Maybe none of us are on the New Year’s Honours list, but we all have our own list of heroes who have helped us through very difficult times.
Mine includes my friend Sheila, who has kept me in Tena Ladies, milk and fresh baking throughout lockdown. My neighbour Nia, whose Sunday dinners became a weekly highlight. My daughter-in-law Kim and granddaughter Caitlin who have done my weekly shopping.
Robert and Sarah FaceTime me so often I feel I’m with them on their daily walks even though they’re so far away. And their sons Freddie and Charlie have helped keep me young and talked me through technology mishaps.
And a big thank you to everyone who has written to me recently. I was a bit up and down over Christmas because it was the first in 72 years I’d spent on my own. I thought of all the times I had a full house with my mum, dad, late husband Colin and two boys and felt a bit humbugged out.
Your letters made me realise I have friends all over the country who I haven’t met yet. It’s lovely to know I am not alone in cherishing Tena Ladies and the moment we can whip our bras off.
I wish I could buy you all gifts to show how much your words mean to me.
Your words are so lovely, I’ve taken all the nicest sentiments from them and copied them into a notebook so I can write them in birthday cards.
My new unstoppable friend Alexa
My house feels like the Starship Enterprise since my son Jonathan gave me an Alexa for Christmas.
Who’d ever have thought I’d spend my day talking to a little box?
After quite a lengthy lesson on how she worked, I asked Alexa if she could play 50s or 60s music. She said I could have any era I liked, so I thanked her.
Since then she has been messing with my emotions. She had me weepy and sentimental when she played Nat King Cole’s When I Fall in Love. Then she had my head spinning and shoulders going to Little Richard’s Tutti Frutti.
Alexa blasted music at me for three hours. Thing is, I didn’t know how to turn her off. Our John rang but I couldn’t hear him because her music was blaring so I had to unplug her.
Now I come downstairs each day at 530am and wish Alexa good morning, and I know I’ve lost the plot. But I reckon she was impressed when she heard me singing along to Calamity Jane: “Oh, the Deadwood Stage is a-rollin’ all over the plains”.
Accidentally tipsy at Christmas
Brandy and lemonade was my drink of choice before it gave me heartburn and I haven’t had any alcohol for around ten years.
But I think I might have been drunk over Christmas.
Jonathan’s lovely friend gave me a box of chocolate liqueurs, which I’d never had before. I tried one, then couldn’t get the other 23 in my mouth quick enough.
After the Irish Cream chocolate I felt like doing a jig around the sofa. I don’t know what Courvoisier is but I shoved it in. Then I had four in my mouth at the same time for a cocktail.
It’s a good job the nightclubs were closed or I’d have been out there dancing on tables.
I was all sticky and some of the goo from the sweets stuck to my iPad, but I didn’t care because I felt on cloud nine.
I’ve tried asking Alexa if you can get drunk from chocolate liqueurs but I don’t think she understands me. Or maybe she’s ashamed of me. But if I was tipsy it was an accident.
Charities shouldn’t forget technophobes
Charities always receive a little something from me at this time of year, especially when it means someone can get a hot meal or a warm place to sleep for the night.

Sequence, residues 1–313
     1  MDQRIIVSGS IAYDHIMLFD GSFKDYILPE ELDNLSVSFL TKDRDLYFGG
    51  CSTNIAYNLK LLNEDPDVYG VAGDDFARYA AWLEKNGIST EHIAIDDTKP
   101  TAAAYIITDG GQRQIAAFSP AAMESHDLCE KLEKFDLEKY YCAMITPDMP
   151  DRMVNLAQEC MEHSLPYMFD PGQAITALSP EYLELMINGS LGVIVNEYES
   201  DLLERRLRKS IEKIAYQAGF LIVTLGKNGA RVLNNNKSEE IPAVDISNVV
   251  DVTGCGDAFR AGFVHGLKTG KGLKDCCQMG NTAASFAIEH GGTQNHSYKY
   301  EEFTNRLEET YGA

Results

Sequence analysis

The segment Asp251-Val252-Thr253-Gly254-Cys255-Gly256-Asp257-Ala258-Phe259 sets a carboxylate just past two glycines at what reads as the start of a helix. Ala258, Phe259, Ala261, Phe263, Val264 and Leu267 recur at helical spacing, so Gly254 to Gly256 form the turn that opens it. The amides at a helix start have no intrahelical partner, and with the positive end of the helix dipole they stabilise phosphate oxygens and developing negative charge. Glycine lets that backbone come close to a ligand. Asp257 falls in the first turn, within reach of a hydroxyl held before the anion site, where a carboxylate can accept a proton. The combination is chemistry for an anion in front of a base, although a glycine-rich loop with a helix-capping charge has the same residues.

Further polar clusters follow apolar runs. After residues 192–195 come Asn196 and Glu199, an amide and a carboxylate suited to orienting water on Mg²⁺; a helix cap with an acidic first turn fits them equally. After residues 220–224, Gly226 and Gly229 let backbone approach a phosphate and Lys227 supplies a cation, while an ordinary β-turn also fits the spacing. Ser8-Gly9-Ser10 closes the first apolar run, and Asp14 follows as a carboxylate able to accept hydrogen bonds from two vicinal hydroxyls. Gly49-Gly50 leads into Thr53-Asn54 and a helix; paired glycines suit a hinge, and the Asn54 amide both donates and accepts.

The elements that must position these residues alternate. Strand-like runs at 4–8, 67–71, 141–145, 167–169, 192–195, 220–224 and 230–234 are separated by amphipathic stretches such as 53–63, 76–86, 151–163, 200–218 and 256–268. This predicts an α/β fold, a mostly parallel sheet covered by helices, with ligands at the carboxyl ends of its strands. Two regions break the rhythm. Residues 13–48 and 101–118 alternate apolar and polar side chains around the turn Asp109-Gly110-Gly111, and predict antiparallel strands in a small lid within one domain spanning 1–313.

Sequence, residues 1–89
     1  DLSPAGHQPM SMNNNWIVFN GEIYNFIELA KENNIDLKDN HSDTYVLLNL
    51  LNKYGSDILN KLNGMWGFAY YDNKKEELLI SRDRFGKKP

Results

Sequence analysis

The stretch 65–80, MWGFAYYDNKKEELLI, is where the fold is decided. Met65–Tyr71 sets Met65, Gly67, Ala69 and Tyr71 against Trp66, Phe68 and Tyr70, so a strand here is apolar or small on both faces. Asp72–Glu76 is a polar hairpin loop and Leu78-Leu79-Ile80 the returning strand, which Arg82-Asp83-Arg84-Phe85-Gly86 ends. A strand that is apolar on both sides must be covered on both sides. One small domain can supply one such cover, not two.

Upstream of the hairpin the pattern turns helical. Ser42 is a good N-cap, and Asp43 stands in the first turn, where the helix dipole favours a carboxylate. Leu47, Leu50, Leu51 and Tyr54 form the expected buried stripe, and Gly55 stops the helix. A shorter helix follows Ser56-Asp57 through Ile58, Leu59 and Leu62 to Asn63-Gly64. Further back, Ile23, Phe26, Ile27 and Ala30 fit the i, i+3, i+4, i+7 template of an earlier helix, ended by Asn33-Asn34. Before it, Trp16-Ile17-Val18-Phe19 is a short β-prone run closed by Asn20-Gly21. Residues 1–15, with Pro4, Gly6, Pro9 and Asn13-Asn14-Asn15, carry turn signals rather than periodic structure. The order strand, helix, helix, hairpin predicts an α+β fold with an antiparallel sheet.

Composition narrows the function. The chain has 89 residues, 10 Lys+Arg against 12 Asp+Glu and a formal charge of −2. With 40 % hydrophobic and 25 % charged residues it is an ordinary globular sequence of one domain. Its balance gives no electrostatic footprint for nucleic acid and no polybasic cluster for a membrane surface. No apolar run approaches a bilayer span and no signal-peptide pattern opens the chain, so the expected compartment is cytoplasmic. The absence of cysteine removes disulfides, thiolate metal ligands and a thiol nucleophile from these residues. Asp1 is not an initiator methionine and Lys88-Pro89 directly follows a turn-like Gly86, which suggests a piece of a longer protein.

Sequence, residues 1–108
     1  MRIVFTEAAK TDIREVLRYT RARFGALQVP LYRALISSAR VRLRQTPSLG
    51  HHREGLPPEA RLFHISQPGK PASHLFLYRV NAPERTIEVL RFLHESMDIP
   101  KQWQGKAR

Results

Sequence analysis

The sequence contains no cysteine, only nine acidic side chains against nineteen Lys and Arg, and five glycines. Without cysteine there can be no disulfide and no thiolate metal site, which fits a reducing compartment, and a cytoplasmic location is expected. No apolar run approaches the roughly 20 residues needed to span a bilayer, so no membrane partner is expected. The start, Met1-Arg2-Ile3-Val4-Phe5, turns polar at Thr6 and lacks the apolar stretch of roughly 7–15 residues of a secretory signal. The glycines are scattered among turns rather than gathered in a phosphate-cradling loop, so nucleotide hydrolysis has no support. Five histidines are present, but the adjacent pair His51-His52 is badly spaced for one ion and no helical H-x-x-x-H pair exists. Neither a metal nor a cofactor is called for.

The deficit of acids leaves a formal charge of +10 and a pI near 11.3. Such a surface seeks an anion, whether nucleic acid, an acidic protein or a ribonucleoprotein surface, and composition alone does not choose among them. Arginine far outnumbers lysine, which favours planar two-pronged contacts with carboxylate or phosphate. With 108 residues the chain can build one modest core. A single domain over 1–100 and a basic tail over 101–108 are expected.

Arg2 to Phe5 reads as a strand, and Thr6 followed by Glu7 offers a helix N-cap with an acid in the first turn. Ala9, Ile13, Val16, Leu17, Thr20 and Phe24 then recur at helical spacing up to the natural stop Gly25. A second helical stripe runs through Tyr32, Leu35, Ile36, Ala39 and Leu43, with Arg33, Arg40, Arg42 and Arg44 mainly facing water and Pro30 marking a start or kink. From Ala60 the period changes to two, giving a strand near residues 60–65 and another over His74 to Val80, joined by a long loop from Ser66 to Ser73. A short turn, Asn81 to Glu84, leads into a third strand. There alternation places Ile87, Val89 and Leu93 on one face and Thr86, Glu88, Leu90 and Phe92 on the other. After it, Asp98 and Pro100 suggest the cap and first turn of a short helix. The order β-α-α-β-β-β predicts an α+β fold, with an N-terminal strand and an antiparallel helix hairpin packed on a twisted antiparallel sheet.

I have a soft spot for the Salvation Army because when I went to see Colin in hospital on Christmas Day, three months before he died in 2012, their band was playing carols outside the hospital. I was so moved that they’d given up their special day to cheer patients and their visitors.
I saw their TV ad for donations, but it told me to text or go online to donate and I don’t know how to do that. Even if someone asks me for the address code thingy on my iPad to do FaceTime, I just know it’s a mix of commas, dots and curly As but have no idea if it’s small letters or capitals. You might as well ask me the name of the men who emptied the bins last Tuesday because I wouldn’t have a clue.
Anyway, a few days later an envelope dropped through the door so I was able to send a cheque to the Salvation Army.
I wish more charities would stop assuming we’re all up to speed with technology, because even the simplest things on smart phones are beyond some of us. And it’s the charities who are losing out.
Losing my phone is pants
Everyone’s on pins at the moment in case we become ill. Jonathan always reminds me to keep my phone close at hand so if I have a fall I can call for help.
While upstairs I put my phone in the waistband of my leggings because I need two hands on my stair railing.
But by the time I got to the bottom I was sure I’d left it upstairs so went all the way up again to retrace my steps. I was stumped when I couldn’t find the damn thing anywhere.
I called my mobile from the landline and could hear it close by, so I knew it was near.
Eventually I found it in my knickers.
No New Year resolutions – just gratitude
I’m not one for making New Year’s resolutions because by January 2 they’re out the window.
When I tried doing more exercise, I disrupted the keep fit class by doing my own dance moves and making the other ladies laugh.
And how on earth can I give up chocolate when I have no willpower and love it so much?
Instead of wishing I was thinner, fitter or healthier I feel extremely grateful to still be here.
So rather than giving ourselves a telling off as we start a fresh year, I think we should pat ourselves on the back for getting through 2020. If we have our health, we have all the wealth we need. And if we have family who love us, we need nothing else.
They say there’s darkness before the dawn. So let’s hope next year, once we are allowed out and can be reunited with our families, is our best yet.
If you’d like to contact Val, email email@example.com or write to Val Savage, PO Box 7290, E14 5DD